Learning to Say “No” and “Yes” to Heal Our Lives

karyn shanks md functional medicine healing creating personal boundaries self-care healing

Creating Boundaries is Part of Good Self-Care

I used to not know how to say “no” to the people in my life–my clients, my family and friends. I didn’t want to disappoint them. I felt that to be the perfect everything (ha) and to earn the love and approval of the people in my life, I had to take care of everything, always be available, never ruffle feathers, and meet everyone’s demands and needs. I look back on this now and have to catch my breath. That was such a pathological way to think. It sapped my energy and strength and stole from the gifts I had to give to this world. I had to make drastic changes in the way I operated in my life.

Healing my own life meant learning to say “yes” to myself, to create boundaries, as a reverent act of self-care. I had to embrace that I am a sensitive human being with limitations and I cannot be all things to all people.  My energy is precious. My loving self-care preserves my energy and makes me the very best I can be. It means I stand alone at times, but I feel better and have more to give to the people in my life. I’ve had to let go of my fear that I will offend the people who want my attention and energy, or that I won’t be good enough if I’m not always available. Strong personal boundaries have made me a happier, healthier, and a better member of the human community.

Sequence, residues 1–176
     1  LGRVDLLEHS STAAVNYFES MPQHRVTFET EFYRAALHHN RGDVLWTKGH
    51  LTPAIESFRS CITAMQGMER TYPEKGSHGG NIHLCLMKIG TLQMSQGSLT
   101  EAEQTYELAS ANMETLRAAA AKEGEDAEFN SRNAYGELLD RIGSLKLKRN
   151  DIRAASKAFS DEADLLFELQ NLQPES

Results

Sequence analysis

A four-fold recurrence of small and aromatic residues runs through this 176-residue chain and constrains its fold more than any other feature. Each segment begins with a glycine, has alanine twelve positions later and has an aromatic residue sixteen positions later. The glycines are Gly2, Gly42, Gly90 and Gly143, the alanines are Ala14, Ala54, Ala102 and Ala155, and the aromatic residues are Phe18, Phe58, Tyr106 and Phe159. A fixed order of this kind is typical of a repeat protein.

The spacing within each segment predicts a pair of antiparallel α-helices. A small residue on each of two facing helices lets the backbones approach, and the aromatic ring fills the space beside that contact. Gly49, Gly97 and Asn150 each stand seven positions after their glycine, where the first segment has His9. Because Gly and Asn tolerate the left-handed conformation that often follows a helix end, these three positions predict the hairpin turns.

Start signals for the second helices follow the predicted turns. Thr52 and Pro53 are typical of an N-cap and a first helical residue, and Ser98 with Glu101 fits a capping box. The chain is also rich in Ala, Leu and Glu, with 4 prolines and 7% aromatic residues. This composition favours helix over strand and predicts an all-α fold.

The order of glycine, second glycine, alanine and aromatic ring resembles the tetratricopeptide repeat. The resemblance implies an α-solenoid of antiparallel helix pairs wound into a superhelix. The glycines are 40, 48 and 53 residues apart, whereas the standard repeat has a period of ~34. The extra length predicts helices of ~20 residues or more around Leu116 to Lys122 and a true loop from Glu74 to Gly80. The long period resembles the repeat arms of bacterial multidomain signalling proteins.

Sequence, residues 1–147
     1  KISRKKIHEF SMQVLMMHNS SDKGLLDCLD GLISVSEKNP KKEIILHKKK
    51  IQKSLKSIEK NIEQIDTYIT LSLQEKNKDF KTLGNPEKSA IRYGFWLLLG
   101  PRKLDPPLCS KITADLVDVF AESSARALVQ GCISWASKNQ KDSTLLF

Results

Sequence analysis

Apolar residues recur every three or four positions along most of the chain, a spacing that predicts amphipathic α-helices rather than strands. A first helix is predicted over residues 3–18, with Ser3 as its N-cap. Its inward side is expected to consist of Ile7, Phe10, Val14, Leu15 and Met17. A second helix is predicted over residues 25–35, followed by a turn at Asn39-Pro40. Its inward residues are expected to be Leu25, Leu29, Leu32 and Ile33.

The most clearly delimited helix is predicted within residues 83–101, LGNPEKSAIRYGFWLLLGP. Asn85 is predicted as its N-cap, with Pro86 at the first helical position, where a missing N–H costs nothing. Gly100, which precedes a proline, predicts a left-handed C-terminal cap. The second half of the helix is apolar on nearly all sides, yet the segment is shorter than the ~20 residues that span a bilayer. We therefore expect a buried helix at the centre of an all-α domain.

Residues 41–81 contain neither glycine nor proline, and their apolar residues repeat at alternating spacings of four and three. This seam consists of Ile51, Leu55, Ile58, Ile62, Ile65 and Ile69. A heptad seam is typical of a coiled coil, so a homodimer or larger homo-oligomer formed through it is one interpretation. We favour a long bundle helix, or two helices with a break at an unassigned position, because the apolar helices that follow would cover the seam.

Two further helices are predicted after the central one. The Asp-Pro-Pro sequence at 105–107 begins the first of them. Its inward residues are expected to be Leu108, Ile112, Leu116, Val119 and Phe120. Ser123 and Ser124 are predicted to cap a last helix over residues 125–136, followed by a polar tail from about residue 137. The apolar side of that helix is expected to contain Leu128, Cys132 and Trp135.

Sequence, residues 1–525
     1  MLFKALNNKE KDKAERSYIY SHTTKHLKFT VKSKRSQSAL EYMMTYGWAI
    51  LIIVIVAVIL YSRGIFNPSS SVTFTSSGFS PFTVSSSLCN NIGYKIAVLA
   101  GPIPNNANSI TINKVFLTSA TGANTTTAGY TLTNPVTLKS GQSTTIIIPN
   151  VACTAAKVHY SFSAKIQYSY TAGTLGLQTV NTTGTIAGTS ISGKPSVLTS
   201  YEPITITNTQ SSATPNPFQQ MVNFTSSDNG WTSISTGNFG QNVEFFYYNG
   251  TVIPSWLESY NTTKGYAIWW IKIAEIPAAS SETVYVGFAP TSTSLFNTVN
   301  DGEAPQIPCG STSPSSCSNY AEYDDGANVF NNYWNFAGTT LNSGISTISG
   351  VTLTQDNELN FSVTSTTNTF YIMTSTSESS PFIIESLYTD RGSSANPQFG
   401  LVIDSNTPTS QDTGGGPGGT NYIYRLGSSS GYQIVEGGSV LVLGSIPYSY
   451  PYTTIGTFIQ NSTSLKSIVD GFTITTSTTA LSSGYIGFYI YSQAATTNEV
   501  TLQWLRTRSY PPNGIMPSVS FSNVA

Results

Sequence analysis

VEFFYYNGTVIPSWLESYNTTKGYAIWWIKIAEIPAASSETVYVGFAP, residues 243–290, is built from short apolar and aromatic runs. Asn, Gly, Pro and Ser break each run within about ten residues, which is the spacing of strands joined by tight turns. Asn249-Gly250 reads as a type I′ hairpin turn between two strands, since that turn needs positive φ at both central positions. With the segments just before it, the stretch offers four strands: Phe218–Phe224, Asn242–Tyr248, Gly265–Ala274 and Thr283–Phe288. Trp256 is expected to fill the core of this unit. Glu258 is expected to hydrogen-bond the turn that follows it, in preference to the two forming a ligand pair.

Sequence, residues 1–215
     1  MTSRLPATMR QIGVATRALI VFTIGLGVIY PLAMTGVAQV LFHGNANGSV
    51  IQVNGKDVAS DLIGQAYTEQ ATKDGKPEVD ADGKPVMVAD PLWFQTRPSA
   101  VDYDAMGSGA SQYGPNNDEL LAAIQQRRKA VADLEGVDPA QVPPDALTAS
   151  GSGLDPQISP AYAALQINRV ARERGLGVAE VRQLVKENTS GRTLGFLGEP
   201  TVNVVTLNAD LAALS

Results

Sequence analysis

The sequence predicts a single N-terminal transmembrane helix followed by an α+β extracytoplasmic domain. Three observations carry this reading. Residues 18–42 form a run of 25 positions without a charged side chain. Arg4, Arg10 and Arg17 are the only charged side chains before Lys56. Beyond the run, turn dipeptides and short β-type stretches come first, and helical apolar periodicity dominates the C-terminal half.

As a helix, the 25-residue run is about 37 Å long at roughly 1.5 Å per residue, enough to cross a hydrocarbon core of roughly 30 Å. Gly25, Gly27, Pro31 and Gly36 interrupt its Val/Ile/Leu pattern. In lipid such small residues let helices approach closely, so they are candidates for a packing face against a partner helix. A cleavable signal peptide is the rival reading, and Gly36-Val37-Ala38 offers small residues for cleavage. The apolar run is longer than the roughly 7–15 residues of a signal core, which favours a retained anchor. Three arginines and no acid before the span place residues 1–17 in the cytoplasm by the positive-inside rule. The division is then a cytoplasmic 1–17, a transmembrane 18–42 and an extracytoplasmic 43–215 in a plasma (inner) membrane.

Poor Personal Boundaries is an Epidemic

I see how poor personal boundaries effects the health of my clients as well. In fact, I am dumbfounded by the lives of many of them, who serve others so selflessly and tirelessly and yet reserve no time, energy or attention for themselves. They spend long days at the office, mostly sitting, continue to stay plugged into their work through email and texts after hours and give endlessly to their family members. Their phones are to their ears constantly, while driving, while in the store, while picking the kids up from school. They go to bed late and get up early and often sleep poorly in between. Many of them exist on fast food, eaten on the run, and caffeine, lots of caffeine, and sugar. They may move very little. There may be no time for reflection, rest or play and no hobbies, community or lunch with friends. They’ve given all of their energy away to others and saved nothing for themselves.